top of page
  • Matthew Atkinson

Complete Guide to Tyre Pressure Monitoring Systems (TPMS)

All new automobiles now come with a tyre pressure monitoring system (TPMS), which alerts you to any pressure problems, to help you keep an eye on the pressure in your tyres.


What is a Tyre Pressure Monitoring System (TPMS)?

A vehicle's TPMS is a system that continuously checks the pressures or pressure imbalance in the tyres and alerts the driver if they drop below a certain level. Given how crucial proper inflation is, TPMS is a highly helpful safety feature.



Types of TPMS

A vehicle's TPMS is a system that continuously checks the pressures or pressure imbalance in the tyres and alerts the driver if they drop below a certain level. The TPMS should not be used in place of routine physical tyre safety inspections, nevertheless. TPMS systems come in two varieties currently for automobiles:


To detect the tyre inflation pressures, direct systems place radio sensors inside each wheel. Direct Systems: These sensors "directly" measure the pressure within each tyre and communicate the information to a control unit.

Indirect Systems: By measuring and comparing the rotational speeds of the tyres and vibrations, indirect systems use the vehicle's existing ABS sensors "indirectly" determine the pressure in the tyres.


Both types of systems communicate with the primary Electronic Control Unit (ECU) of the car to notify the driver of any pressure loss or variation problems through dashboard warning lights.


The Law surrounding TPMS

Since November 2014, tyre pressure monitoring systems have been required for all new passenger cars sold in the EU (TPMS).


Long-standing TPMS installations on automobiles have lately been legally required, as has routine upkeep. On November 1, 2012, legislation was introduced requiring the installation of TPMS on all new automobile models sold in the EU. In November 2014, this was expanded to mandate that every new passenger car have a TPMS before going on sale. On January 1, 2015, regulations went into effect in the UK stating that an MOT failure for certain cars with an inoperative or damaged TPMS sensor.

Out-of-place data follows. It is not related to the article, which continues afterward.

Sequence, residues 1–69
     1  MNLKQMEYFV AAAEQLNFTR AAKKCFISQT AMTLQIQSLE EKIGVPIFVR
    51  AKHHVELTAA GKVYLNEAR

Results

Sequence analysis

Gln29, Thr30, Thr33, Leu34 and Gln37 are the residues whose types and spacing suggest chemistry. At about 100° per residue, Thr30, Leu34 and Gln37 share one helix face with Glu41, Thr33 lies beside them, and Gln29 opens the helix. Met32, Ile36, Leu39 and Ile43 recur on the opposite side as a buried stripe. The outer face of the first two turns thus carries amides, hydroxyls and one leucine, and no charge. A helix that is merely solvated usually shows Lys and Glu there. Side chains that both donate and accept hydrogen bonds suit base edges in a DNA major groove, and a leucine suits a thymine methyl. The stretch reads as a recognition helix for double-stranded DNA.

Find out more about UK Tyre Law.


Why use a TPMS?

The main element affecting how well your tyres perform is the air pressure inside of them. The tyre's capacity for speed, weight carrying capacity, handling response, wear rate, and overall safety are all impacted by pressure. Additionally, having under-inflated tyres can increase your car's fuel consumption and CO2 emissions. Therefore, it's imperative for your security and comfort that your tyres be properly inflated in accordance with the guidelines provided by the vehicle's manufacturer. At least once a month or before a lengthy trip, tyre pressure should be physically checked when the tyres are cool. However, all new automobiles are now outfitted with a tyre pressure monitoring system (TPMS) that alerts you to any pressure difficulties in order to help you check the pressure in your tyres.


A TPMS Warning Light

There may be a problem with the pressure in one or more of your tyres if the TPMS warning light on your dashboard lights.


Find a secure location to stop your car if you receive a TPMS alert while driving so you may manually compare your tyre pressures to the manufacturer's suggested levels. These specifics can be found on a plaque on the driver's door sill, inside the gasoline filler flap, or in the owner's manual for your vehicle.

TPMS Low Pressure Warning Light

What does it mean if my TPMS Light comes on?

There may be a problem with the pressure in one or more of your tyres if the TPMS warning light on your dashboard illuminates. Find a secure location to stop your car as soon as possible so you may manually compare your tyre pressures to the manufacturer's suggestions. These specifics can be found on a plaque on the driver's door sill, inside the gasoline filler flap, or in the owner's manual for your vehicle. Find your local tyre expert who can assist you if you are unable to check your tyre pressures yourself. You may also contact us for roadside assistance.